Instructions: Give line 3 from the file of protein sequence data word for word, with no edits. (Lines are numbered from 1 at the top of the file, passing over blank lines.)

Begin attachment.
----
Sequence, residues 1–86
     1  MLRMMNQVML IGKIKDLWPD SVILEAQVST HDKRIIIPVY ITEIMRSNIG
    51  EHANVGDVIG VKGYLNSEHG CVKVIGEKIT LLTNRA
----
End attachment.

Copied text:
    51  EHANVGDVIG VKGYLNSEHG CVKVIGEKIT LLTNRA